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by Kirsteen Paterson
15 December 2023
Michael Forsyth: 'The House of Commons is broken'

Lord Forsyth | Alamy

Michael Forsyth: 'The House of Commons is broken'

Former Scotland Secretary and Margaret Thatcher ally Michael Forsyth has said Westminster's "presidential" style of government is weakening democracy.

The Conservative peer, who served in both the Thatcher and Major governments, said special advisors are dictating to Cabinet ministers and raised concerns about the churn of appointments which has seen six chancellors and six home secretaries since 2016.

He said: "We've moved from a system where the prime minister is first among equals in the Cabinet to a sort of presidential system where the prime minister is surrounded by special advisors who then boss around cabinet ministers.

"It is no way to run a country and we've seen the consequences of that. So we need, I believe, a root and branch reform of the House of Commons and the process of government."

In an interview with Lord Speaker, Labour veteran John McFall, Forsyth called for "root and branch" reform to stop the government curtailing debate and using secondary legislation to push measures through without a vote.

He said: "The House of Commons now, I think, is broken.

"The House of Commons is failing in its function. It's just abandoned its function of considering legislation properly."

The comments came during the recording of the Lord Speaker's Corner podcast.

Forsyth said the government had "ignored" reports from the Lords on key issues including health and social care, saying: "Boris [Johnson] said 'I will fix social care'. Well, he didn't, because one of the things that report pointed out is the problem is not people having to sell their houses. The problem is that we are not paying enough for the people who do this wonderful work."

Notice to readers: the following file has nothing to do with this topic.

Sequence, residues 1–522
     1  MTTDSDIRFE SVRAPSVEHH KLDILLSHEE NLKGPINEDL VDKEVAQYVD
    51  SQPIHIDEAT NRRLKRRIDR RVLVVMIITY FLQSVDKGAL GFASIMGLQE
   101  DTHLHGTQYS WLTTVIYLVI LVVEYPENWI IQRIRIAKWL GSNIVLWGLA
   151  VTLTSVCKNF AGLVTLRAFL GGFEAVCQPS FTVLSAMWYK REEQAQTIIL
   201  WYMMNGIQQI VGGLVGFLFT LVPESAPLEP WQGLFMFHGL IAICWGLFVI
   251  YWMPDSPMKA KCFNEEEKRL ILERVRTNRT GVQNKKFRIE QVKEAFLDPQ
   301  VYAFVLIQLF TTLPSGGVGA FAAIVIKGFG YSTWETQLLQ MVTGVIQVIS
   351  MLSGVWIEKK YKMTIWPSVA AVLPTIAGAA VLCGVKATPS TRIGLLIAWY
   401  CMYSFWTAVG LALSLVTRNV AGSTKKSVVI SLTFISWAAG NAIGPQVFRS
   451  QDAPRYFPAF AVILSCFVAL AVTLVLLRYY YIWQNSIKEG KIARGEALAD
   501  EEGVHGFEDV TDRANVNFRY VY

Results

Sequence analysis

Raised in an Arbroath council house, Forsyth led the campaign against devolution for Scotland in the 1990s. He told McFall: "I think the fact that the nationalists have been so obsessed with independence and that the kind of bread-and-butter issues have not really been at the forefront of the political debate is a problem. But if you're asking me 'would you reverse devolution?' No, of course not."

Forsyth was Scotland Secretary at the time of the Dunblane shooting in 1996, which took place in his Stirling constituency.

Speaking publicly for the first time about the personal impact on him of the tragedy, he told Lord McFall: "It’s the worst thing that’s ever happened to me. It was a huge shock. I still get flashbacks of that scene in the gym."

He recalled how he worked with Labour opposite number George Robertson – now Lord Robertson of Port Ellen – to bring the parties together behind a united response to the tragedy and ensure it did not become a "political squabbling match".

And he paid tribute to the late Queen for her visits to the bereaved families, saying: "I don’t think there’s anyone else in the world who could have given as much comfort as she did."

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